Bonnie Brewster isn't what you would expect in a boxing trainer. For one thing, she's a woman. She doesn't work fighters' camps and corners either; she trains recreational boxers. And she peppers her lessons on footwork and upper-cuts with personal philosophy. "Stand on your own two feet," she yells while teaching the proper boxing stance. "It's the same as in life!"
There are a handful of female boxing trainers around the country, but Brewster, 35, is the first to work at Gleason's Gym, the venerable boxing haunt on Brooklyn's waterfront. The gym didn't open its doors to women until 1986. At the time, Brewster was working as an actor and a writer. She has appeared in soap operas (The Guiding Light, One Life to Live), movies (All That Jazz) and regional theater productions. In 1985 she received an Edward Albee Foundation grant for playwriting, and she has written for several small local newspapers.
In the spring of 1987, Brewster visited Gleason's to research a story. She became so enamored of boxing that she decided to scrap the story and become a boxer herself. Brewster had been athletic all her life, but this was her first venture into such a brutal—and all-male—sport.
She started taking lessons at Gleason's three to four times a week with Hector Roca, one of the gym's most respected trainers. At 5'3", 120 pounds, she had the right kind of body for boxing—short, stocky and strong—and trained under Roca for a year. "But it got to the point where Hector wasn't showing me moves that he was showing the men," says Brewster. "It made me angry."
She tried to find another trainer, but her favorites were busy with pro fighters. So Brewster started watching boxing films and amateur bouts. She broke down the moves and began teaching herself the sport. Occasionally, she would consult Roca to make sure she was executing the moves properly.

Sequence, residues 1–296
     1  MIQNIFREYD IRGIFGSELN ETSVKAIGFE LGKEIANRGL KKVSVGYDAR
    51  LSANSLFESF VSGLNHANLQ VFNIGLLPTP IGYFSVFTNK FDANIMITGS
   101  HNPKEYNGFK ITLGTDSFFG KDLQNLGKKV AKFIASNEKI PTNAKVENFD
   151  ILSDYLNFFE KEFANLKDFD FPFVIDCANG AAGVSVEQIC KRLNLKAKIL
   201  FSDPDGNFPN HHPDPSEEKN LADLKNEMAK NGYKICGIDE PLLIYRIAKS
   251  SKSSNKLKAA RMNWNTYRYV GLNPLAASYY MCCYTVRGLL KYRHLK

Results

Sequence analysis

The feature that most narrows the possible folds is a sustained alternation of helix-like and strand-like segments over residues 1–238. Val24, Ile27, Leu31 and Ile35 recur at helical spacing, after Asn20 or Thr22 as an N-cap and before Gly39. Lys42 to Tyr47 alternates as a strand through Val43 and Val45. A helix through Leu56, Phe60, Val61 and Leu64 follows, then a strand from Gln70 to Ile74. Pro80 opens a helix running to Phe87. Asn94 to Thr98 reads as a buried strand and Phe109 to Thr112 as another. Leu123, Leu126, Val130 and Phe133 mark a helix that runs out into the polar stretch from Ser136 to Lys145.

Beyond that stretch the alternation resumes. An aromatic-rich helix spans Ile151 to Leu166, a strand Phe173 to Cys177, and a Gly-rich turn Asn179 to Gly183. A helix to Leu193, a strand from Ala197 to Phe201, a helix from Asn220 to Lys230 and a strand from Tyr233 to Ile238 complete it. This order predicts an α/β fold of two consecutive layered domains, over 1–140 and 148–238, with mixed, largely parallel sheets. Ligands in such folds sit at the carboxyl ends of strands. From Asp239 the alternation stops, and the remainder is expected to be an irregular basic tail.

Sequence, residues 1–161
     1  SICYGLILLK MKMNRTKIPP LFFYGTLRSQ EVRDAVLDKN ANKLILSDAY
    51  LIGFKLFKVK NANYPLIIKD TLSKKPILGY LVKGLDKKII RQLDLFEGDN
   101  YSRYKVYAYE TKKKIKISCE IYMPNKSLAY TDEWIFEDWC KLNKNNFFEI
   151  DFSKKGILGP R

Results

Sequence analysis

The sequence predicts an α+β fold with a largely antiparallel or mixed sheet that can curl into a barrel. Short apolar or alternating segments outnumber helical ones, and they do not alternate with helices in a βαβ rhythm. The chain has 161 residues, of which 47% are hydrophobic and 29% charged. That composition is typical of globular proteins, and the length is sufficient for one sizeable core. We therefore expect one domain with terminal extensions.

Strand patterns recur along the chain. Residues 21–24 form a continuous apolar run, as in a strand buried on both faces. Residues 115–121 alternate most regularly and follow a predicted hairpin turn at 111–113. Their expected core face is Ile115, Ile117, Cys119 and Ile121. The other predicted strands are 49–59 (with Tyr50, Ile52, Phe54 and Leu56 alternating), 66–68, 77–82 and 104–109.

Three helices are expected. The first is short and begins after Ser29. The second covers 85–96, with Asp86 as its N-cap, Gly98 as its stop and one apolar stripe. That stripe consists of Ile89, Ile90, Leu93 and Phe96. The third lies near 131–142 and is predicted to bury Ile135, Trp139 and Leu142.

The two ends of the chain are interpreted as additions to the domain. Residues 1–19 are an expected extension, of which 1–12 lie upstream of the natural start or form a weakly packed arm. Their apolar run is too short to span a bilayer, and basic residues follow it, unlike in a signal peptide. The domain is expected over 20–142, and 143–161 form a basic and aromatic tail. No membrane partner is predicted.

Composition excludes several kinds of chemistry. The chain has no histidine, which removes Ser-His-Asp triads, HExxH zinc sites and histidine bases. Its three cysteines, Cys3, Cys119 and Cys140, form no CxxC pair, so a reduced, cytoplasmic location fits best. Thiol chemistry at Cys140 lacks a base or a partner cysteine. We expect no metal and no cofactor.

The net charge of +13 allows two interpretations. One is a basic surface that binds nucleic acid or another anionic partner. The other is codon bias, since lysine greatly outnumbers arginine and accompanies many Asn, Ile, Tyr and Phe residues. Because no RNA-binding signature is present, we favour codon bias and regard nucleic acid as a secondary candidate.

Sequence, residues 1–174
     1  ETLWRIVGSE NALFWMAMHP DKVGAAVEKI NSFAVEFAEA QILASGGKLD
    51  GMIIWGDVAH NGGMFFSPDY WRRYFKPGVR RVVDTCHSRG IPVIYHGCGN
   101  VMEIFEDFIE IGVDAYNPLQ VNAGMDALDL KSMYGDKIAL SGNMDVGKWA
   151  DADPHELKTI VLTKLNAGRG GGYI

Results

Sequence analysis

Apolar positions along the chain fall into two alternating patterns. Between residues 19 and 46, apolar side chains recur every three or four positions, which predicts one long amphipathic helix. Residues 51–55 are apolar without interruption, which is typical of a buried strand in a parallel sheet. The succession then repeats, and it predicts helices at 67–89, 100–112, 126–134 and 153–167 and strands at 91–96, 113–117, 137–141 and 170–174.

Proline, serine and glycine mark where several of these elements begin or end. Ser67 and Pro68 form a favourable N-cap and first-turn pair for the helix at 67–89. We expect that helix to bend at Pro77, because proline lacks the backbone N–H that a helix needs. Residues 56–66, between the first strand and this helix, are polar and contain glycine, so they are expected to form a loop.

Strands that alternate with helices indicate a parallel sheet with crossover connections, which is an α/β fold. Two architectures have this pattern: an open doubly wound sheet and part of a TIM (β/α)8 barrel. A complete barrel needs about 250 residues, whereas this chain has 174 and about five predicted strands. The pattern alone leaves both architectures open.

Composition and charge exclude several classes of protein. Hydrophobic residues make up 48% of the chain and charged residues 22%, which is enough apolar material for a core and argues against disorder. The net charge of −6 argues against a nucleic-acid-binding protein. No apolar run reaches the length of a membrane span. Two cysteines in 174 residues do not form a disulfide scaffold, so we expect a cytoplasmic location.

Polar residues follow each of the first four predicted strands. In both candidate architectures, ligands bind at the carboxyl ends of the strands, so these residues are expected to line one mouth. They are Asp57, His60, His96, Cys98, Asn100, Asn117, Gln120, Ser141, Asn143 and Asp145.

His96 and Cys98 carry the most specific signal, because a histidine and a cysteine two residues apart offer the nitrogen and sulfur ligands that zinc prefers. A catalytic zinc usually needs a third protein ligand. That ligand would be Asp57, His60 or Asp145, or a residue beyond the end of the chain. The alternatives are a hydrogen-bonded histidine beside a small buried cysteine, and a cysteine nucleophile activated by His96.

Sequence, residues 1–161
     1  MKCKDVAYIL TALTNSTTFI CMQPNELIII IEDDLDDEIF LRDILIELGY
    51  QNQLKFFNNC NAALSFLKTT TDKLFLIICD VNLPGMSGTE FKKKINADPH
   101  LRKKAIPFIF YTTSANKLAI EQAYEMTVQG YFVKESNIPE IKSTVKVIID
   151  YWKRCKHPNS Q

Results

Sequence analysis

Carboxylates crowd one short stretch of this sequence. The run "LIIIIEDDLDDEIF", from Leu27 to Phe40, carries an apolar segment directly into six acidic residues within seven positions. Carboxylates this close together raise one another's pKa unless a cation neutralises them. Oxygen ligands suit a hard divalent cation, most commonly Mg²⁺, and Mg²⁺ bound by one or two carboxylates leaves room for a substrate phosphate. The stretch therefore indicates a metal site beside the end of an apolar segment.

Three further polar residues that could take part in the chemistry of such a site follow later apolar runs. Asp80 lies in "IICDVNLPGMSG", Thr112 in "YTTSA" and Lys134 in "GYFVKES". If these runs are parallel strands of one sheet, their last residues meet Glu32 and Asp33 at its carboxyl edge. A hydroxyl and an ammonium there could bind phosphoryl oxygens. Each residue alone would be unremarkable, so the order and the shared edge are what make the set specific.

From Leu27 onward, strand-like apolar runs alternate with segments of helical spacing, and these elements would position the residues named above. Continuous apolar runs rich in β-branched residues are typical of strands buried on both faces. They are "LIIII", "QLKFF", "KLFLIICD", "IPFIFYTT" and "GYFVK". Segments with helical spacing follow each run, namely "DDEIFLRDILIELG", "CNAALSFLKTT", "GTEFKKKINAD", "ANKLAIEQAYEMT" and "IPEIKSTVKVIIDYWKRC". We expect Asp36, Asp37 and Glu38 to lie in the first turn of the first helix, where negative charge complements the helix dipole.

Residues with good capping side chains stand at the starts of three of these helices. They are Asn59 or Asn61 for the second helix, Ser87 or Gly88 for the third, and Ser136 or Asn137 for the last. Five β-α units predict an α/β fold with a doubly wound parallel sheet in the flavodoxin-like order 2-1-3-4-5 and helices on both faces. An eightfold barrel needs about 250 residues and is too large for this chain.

Brewster's boxing education convinced her that the gym needed a trainer who worked exclusively with serious recreational boxers, especially women. A year and a half ago she approached Bruce Silverglade, co-owner of Gleason's, about becoming one. "I thought it was a great idea," he says.
She attributes Silverglade's enthusiasm partly to his business sense. "Boxing is at a low point in its history," says Brewster, "and that decay has created a window of opportunity for women. The gyms are desperate for money."
Brewster trains 17 women and three men in one-on-one sessions at Gleason's. Among her students is Alicia McConnell, a seven-time national women's squash champion. Brewster also teaches a coed class at nearby St. George Health & Racquet Club.
Brewster and her students never duke it out, which means they receive the benefits of a boxing workout—getting in shape, learning technique and releasing aggression—without being punched. A typical hour-long session, for which she charges $35, of which Gleason's keeps $5, starts with stretching, jumping rope and shadowboxing. Then the students move to either the speed bag or the heavy bag. While Brewster yells out commands—one, uppercut, one, two, one!—her students pummel the heavy bag in three-minute rounds. They use jabs, uppercuts and crosses in various combinations.
Brewster's advanced students join her in the ring for several rounds of noncombative sparring. She puts on heavily padded mitts and allows her students to slug away at them. To teach students to defend themselves, Brewster retaliates with light blows.